Why is it so much easier to swim well one day rather than another? Today and yesterday I got the feeling as I was swimming that I could do a steady crawl all day.
Load of rubbish of course; but even if the feeling is momentary it is a pleasant one and it makes the twenty minutes that I decide to swim pass that much more quickly.
For someone who likes swimming as much as I do I get bored with the activity very quickly, which is why I restrict myself to a mere twenty minutes. For those twenty minutes I am engaged and I enjoy the exercise – any longer and it becomes just a chore.
I must admit that I prefer swimming just before midday, even though when I was in the UK I used to go for an early morning swim before I went to school. The pool here doesn’t open until after eight in the morning and that makes it impossible to swim before work. Even if I had work. Which of course I do not have now.
When it comes down to it I suppose that I’m just too damn lazy to swim early-ish in the morning.
Given the fact that the pool is near a school it does mean that unless I am prepared to get to the pool as soon after eight as possible the invasion of parents with big cars and inconsiderate parking habits means that it is impossible to find a parking space from eight-thirty about eleven.
Mothers use the parking spaces in the pool to ditch the car and take their kids to school and then return for a cup of tea and a noisy talk. There is a whole social structure that I observe from the outside where I sometimes feel like an intruder as the only male sitting down and sipping from my double strength cup of tea – which is now prepared as soon as the proprietor of the café sees me. Which is social progress of a sort.
My distance-learning package from the OU did not arrive today and so I am putting all my faith on its arrival tomorrow. It is now just under a fortnight until the official start of the course and it is always a good thing to get off to a flying start by reading through some of the stuff before the date when you have to start. Still, in theory I should have plenty of time to keep up with the work and the assignments – I would just be a lot more comfortable if I had the material to hand well before the start.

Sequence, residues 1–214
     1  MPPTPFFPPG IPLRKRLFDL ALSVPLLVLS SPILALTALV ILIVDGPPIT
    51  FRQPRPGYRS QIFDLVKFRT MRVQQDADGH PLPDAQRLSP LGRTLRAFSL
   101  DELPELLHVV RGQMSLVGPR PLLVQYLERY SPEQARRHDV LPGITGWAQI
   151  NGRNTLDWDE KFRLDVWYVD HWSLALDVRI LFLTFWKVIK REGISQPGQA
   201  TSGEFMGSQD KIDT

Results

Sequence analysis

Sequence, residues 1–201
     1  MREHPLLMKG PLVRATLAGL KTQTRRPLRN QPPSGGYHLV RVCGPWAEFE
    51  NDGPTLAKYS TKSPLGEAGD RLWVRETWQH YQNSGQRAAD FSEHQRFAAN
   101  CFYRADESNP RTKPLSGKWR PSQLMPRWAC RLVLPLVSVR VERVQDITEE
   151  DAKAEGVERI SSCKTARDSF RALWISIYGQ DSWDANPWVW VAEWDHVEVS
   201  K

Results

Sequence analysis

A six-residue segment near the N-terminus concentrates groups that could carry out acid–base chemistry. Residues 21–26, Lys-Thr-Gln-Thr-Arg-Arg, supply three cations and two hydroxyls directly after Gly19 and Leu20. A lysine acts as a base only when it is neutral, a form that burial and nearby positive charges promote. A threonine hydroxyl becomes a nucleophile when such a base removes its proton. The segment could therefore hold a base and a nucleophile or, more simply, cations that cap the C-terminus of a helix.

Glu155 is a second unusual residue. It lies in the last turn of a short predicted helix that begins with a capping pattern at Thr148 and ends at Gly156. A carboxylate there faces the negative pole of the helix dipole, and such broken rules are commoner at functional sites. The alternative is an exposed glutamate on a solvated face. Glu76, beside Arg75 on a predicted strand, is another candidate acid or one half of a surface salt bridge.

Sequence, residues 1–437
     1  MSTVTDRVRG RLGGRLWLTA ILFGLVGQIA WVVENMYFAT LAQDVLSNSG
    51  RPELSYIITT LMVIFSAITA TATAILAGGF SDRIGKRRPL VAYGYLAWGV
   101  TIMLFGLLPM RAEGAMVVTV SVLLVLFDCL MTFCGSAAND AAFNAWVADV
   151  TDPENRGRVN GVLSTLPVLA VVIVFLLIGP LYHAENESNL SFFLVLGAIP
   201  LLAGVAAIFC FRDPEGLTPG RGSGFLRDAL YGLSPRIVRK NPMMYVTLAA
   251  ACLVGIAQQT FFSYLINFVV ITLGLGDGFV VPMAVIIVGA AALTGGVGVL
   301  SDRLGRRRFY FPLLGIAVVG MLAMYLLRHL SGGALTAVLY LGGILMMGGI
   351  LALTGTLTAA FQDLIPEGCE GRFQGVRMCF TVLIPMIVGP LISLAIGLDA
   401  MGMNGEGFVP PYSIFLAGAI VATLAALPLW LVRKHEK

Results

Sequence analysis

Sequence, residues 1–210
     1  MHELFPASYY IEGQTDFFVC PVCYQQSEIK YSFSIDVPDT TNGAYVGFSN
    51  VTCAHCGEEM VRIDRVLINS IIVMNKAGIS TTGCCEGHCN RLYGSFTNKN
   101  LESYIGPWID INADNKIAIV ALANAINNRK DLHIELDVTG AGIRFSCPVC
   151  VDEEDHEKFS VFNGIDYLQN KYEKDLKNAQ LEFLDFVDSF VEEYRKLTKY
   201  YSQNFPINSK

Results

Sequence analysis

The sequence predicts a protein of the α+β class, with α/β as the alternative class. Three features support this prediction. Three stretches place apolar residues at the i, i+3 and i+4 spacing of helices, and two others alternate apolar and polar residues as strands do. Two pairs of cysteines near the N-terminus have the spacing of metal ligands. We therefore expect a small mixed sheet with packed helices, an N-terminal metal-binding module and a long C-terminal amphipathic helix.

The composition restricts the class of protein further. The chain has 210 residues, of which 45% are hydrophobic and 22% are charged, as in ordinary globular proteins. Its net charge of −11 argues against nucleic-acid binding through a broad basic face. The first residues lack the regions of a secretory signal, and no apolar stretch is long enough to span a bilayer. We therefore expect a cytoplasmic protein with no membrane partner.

Toni is ploughing on ahead with his course which he will not be able to register for until next month and then it will not start until next February – by which time I should be well into my second assignment and the second “book” of teaching material which is part of the package.
I am still having little after-shocks from seeing Suzanne. The only parking space I could find near the exit from the school when I went to pick her up was well up the hill and out of the sight lines of the pupils. That was not intentional; I did a circuit of the school roads trying to find a place nearer, but the partial gap that I found was the only space. I was able to watch, with mixed emotions, the kids leaving school after the sound of the lunch bell.
Even at a distance I could tell which students were which.
This is a gift of short sightedness where a sufferer often has to recognize friends and relatives by their general hazy outline rather than by specific clear details. Even with glasses I still find that I am looking through the wrong part of the varifocal lenses and not seeing a sharp outline, so I am relying on old myopic skills rather than tilting my head to bring another part of the lens into operation!
Eventually Suzanne emerged and we went off into Barcelona.
Seeing an ex-colleague is a strange feeling because the conversation is only slightly skewed from the conversation that you would have if you were current colleagues. It is only, after all, six teaching weeks which is the difference between my professional status from last year to this, so there is only what Evelyn Waugh (in different circumstances) referred to the “bat squeak” of difference. But it is a difference which is real and day-by-day you lose the quotidian pressures which unite a teaching force.
The pleasure that a non-teaching teacher (like alcoholics you are always a teacher, though sometimes a teacher who does not teach) gets is always something of a guilty pleasure. The walking through town without the accompanying screams of the young; going to supermarkets and walking almost without pause to an empty checkout; having time to do complex tasks and stick to them until they are done; having time to read a newspaper properly – all these things are a delight, but one can never stop thinking of those still at which is archaically still referred to as the “chalk-face.”
It is guilt that one can master!
But I still have to admit there is a part of me that feels I should still be teaching. I suppose this is as near I get to Masochism as I care to go!
Meanwhile I have still not packed for my flying visit to the UK and tomorrow we are off to Terrassa for another name day.
Time is in short supply.